Sketch of a Proof by Birkhoff and MacLane

Consider the polynomial P(z) as a mapping from one copy of the complex plane (say, the z-plane) to another copy of the complex plane (say, the w-plane). Such a mapping transforms a circle |z| = r of radius r into a closed curve on the w-plane (see Figure 1). For very large values of r, the anz n term dominates, and the image is a closed curve which loops n times around the origin of the w-plane (see Figure 2). On the other hand, for very small values of r, we may neglect all the terms except amz m + a0, where am is the coefficient with the lowest index m>0 which is not equal to zero, and the image loops m times around the point w = a0 (Figure 3). As r0, the image collapses to the point a0. We now invoke the topological fact that if we start with r very large, and continuously reduce r to 0, simultaneously reducing the image in the w -plane from a large loop encircling the origin (likely more than once) to a point, we must necessarily encounter a stage where the image curve passes through the origin w = 0. Thus, we have shown that some point on the z-plane maps to w = 0 - that is, that there is a complex root of P(z). (For details, see Birkhoff & MacLaine, A Survey of Modern Algebra, AK Peters, 1997)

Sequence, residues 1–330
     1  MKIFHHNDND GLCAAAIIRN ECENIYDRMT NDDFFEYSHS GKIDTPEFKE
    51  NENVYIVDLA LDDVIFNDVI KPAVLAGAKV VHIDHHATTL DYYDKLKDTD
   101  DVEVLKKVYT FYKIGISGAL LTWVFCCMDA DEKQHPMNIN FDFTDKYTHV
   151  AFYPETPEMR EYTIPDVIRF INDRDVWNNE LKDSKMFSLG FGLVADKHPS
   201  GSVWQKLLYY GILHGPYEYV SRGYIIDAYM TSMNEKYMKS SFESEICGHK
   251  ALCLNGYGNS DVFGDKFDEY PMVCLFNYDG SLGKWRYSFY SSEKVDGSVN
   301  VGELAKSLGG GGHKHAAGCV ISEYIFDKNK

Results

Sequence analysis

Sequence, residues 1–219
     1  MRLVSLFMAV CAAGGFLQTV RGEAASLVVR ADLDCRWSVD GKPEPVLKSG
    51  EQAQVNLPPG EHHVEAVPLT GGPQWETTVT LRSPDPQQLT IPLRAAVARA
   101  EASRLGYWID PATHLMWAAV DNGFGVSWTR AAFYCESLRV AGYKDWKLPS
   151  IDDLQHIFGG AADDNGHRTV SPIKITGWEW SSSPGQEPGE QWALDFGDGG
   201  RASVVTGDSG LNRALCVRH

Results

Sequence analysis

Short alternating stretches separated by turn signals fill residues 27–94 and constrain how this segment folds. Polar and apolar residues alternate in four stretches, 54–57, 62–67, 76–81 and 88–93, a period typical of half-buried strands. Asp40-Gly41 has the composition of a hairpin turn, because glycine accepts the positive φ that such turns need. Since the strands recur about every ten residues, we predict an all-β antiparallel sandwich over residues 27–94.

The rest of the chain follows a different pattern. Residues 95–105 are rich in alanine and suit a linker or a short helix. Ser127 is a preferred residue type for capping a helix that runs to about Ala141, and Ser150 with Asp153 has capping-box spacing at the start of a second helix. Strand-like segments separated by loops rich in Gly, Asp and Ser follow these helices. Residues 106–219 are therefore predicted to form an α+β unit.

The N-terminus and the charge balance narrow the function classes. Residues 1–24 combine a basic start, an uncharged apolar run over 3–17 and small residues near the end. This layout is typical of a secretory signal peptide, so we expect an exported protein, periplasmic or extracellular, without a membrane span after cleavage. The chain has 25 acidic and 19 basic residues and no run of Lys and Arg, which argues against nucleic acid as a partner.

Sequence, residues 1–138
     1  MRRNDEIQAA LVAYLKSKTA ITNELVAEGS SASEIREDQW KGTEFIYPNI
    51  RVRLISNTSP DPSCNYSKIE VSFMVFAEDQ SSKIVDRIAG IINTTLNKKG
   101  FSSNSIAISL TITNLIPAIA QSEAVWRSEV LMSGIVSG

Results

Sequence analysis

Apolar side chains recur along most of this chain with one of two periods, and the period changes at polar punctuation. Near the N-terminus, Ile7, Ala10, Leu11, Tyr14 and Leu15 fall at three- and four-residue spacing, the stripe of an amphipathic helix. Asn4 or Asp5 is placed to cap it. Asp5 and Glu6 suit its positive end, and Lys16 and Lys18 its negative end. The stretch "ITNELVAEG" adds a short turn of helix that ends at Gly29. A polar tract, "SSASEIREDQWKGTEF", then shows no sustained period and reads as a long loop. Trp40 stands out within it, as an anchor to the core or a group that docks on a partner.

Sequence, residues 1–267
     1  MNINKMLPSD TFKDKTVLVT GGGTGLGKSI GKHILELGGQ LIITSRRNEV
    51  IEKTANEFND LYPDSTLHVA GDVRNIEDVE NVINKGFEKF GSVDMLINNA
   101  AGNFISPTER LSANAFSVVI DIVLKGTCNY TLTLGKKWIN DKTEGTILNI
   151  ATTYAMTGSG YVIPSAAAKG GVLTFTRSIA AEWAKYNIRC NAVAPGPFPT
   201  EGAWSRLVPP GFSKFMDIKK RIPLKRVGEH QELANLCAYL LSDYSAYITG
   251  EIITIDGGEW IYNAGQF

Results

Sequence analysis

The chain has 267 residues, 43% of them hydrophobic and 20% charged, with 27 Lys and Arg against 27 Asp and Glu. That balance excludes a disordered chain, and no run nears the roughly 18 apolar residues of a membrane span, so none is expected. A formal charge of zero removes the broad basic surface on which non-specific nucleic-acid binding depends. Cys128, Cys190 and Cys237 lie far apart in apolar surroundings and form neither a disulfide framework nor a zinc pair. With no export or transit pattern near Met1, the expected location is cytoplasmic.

Figure 1. Image of circle |z| = 2 under the mapping P(z) = z3 - 2z2 + z - 1. Figure 2. Image of circle |z| = 20 under the mapping P(z) = z3 - 2z2 + z - 1.
Figure 3. |z| = 0.1 under the mapping P(z) = z3 - 2z2 + z - 1. Note the enlarged scale. Figure 4. Image of circle |z| = 0.75 under the mapping P(z) = z3 - 2z2 + z - 1. Apparently a root of this polynomial lies very near this circle.

|Contact| |Front page| |Contents| |Algebra|

Copyright © 1996-2018 Alexander Bogomolny

 63001159

Search by google: